Monday, November 29, 2010
Secretary of State Hillary Clinton called the release of a quarter-million confidential diplomatic cables by online whistleblower WikiLeaks' an attack on America and the international community.
The U.S. "deeply regrets" the embarrassment caused by the disclosure of classified documents, she said, adding that such leaks "tear at the fabric" of responsible government.
Clinton's comments during a Monday news conference come as the White House shifted into damage-control mode in an effort to limit the fallout.
The Obama administration ordered a review of procedures to keep classified information from being released. U.S. Attorney General Eric Holder also announced that the Justice Department has an active criminal investigation into the documents' disclosure.
The Office of Management and Budget sent a memo on Monday telling government agencies to establish security assessment teams to make sure people have access only to the classified information they need to do their jobs.
The crackdown is part of a broader U.S. effort to convince foreign allies that the American government can be trusted to keep secrets. Jacob Lew, who directs the Office of Management and Budget, said the WikiLeaks release caused "significant damage" to national security.
Holder said the Justice Department will prosecute if violations of U.S. law are uncovered in the criminal probe into the leaked documents. Speaking at a news conference Monday, he condemned the disclosures as having put at risk the safety of diplomats and other American government personnel.
Earlier, White House press secretary Robert Gibbs tried to play down the documents' import, saying, "By its very nature, field reporting to Washington is candid and often incomplete information. It is not an expression of policy, nor does it always shape final policy decisions.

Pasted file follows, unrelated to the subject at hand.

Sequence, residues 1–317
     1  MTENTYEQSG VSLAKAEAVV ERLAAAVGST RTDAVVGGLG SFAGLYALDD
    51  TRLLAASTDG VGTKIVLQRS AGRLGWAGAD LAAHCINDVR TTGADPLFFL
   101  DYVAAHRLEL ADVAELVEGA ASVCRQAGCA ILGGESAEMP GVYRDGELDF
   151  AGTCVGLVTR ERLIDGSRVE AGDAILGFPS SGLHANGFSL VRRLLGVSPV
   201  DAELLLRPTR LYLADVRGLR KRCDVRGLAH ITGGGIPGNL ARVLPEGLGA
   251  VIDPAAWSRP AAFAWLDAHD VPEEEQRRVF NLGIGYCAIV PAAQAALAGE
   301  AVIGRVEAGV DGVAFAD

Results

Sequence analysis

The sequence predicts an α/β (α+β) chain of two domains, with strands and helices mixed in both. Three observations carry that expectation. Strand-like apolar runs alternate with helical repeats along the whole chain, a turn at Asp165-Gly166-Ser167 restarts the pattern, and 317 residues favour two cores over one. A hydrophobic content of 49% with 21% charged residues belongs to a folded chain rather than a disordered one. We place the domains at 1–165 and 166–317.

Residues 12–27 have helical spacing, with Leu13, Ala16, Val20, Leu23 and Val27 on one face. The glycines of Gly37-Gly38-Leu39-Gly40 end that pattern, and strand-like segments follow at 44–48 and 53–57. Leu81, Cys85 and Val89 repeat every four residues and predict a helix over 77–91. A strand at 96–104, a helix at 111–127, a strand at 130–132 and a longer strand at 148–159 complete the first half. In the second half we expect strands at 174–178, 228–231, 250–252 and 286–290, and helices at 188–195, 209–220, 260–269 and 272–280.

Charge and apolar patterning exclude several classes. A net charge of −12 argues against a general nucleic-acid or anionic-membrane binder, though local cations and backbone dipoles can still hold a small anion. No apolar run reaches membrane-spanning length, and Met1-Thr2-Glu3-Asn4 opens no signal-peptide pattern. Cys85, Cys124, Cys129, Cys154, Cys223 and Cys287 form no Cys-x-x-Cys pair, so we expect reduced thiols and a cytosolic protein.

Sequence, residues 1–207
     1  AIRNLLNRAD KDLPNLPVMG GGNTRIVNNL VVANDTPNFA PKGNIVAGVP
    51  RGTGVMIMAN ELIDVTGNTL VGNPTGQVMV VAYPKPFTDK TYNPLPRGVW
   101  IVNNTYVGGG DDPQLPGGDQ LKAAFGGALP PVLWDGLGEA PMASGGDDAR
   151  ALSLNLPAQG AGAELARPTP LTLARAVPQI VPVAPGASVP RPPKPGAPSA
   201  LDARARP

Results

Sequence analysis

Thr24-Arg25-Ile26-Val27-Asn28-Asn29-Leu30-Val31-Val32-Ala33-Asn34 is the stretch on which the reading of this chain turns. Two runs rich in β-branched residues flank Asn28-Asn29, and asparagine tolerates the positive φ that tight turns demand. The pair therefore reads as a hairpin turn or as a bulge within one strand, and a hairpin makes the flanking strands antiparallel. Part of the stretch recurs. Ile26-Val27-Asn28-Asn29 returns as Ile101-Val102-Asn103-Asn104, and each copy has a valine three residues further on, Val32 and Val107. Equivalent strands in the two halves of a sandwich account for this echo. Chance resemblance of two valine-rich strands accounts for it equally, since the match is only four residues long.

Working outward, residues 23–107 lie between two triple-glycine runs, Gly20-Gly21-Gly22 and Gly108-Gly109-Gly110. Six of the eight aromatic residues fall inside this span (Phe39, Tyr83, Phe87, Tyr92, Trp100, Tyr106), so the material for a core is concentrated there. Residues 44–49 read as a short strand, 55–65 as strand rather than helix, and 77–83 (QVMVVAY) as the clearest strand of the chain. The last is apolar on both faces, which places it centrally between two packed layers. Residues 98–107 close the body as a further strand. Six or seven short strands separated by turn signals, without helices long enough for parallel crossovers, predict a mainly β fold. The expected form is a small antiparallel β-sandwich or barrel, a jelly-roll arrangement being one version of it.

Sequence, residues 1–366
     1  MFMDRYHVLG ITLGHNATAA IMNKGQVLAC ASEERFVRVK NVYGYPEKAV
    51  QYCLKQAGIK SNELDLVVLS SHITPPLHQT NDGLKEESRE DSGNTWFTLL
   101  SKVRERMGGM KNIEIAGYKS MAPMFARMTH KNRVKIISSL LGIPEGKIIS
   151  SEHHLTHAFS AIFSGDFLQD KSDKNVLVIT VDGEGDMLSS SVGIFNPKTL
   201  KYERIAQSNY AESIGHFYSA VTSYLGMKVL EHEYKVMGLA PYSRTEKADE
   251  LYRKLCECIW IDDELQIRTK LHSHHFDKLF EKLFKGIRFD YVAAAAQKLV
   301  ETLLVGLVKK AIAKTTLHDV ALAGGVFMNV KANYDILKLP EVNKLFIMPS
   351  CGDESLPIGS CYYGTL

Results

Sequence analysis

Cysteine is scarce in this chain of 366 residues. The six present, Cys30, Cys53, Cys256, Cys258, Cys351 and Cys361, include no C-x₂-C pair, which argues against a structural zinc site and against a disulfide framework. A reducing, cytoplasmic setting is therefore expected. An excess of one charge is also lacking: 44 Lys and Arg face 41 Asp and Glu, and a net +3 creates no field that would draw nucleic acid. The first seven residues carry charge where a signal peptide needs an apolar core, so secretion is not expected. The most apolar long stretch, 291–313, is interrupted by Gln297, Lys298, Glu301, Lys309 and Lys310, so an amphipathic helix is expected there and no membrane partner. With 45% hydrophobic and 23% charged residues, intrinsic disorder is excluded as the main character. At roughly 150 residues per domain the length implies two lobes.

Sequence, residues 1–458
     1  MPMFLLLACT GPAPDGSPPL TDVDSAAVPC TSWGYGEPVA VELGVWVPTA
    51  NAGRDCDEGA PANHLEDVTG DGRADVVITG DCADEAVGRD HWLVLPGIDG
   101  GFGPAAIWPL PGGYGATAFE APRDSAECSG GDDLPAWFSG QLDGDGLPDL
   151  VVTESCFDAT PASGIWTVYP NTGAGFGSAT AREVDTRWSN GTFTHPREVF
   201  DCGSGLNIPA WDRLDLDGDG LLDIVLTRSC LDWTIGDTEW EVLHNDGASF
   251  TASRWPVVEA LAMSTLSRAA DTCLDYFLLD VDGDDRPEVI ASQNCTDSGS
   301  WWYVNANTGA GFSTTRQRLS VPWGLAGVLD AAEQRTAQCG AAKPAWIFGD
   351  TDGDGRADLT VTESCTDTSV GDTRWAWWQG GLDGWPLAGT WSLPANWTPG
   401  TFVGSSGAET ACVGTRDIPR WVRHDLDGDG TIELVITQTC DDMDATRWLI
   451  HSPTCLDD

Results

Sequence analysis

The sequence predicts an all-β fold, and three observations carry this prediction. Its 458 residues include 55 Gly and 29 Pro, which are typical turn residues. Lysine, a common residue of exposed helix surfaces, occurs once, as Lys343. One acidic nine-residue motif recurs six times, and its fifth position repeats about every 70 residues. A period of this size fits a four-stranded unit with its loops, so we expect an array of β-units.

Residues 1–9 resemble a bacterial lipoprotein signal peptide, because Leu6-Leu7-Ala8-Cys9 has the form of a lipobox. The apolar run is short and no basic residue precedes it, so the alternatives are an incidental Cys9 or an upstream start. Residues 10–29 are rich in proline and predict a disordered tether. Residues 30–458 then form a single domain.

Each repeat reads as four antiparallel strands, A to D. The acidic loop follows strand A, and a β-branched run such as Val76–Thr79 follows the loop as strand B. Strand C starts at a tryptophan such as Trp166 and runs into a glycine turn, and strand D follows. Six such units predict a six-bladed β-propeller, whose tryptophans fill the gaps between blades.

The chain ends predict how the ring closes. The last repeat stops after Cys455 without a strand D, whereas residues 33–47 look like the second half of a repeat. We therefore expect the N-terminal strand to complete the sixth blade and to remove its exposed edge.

"Our diplomats are just that, diplomats," he added. "They collect information that shapes our policies and actions. This is what diplomats, from our country and other countries, have done for hundreds of years."
'Can The United States Be Trusted?'
WikiLeaks posted the documents online and provided them to The New York Times, France's Le Monde, Britain's Guardian newspaper, the German magazine Der Spiegel and others for release Sunday.
The documents offer an unprecedented look at the American diplomatic process. They include diplomatic cables, encrypted e-mails and memos sent between the State Department and U.S. embassies abroad spanning an entire generation of American diplomacy — from 1966 to cables written as recently as this past February.
The unvarnished communiques frame U.S. negotiations on a range of events and offer sometimes blunt views of world leaders. Cables describe Afghan President Hamid Karzai as "extremely weak" and paranoid and characterize Russian President Dmitry Medvedev as playing "Robin to [Prime Minister Vladimir] Putin's Batman."
Rep. Peter Hoekstra of Michigan, the senior Republican on the House Intelligence Committee, called the release very damaging to U.S. interests. "The catastrophic issue here is just a breakdown in trust," he said Monday, adding that many other countries — allies and foes alike — are likely to ask, " 'Can the United States be trusted? Can the United States keep a secret?' "
But Le Monde's editor-in-chief, Sylvie Kauffman, told NPR that in the WikiLeaks release, "there are no top secret documents; there are no intelligence documents; there are no military documents."
Times reporter David Sanger, who was given an advance look at documents pertaining to Iran, told NPR that "two or three things stood out."
"Arab countries from around the Persian Gulf were as concerned, if not more concerned, about the prospect of a nuclear Iran than, say, Israel is," Sanger said. "In their private conversations with the United States, some [Arab leaders] were going right up to the edge of urging military action, which seemed to be far beyond anything they were saying in public."
He said some of the documents show that the American intelligence community "believes that Iran obtained 19 medium- to long-range missiles from North Korea that would allow them to ultimately reach, say, Berlin on the European side, Moscow in the other direction."
Sanger added that the leaks also reveal that intelligence officials don't believe Iran yet has a nuclear weapon.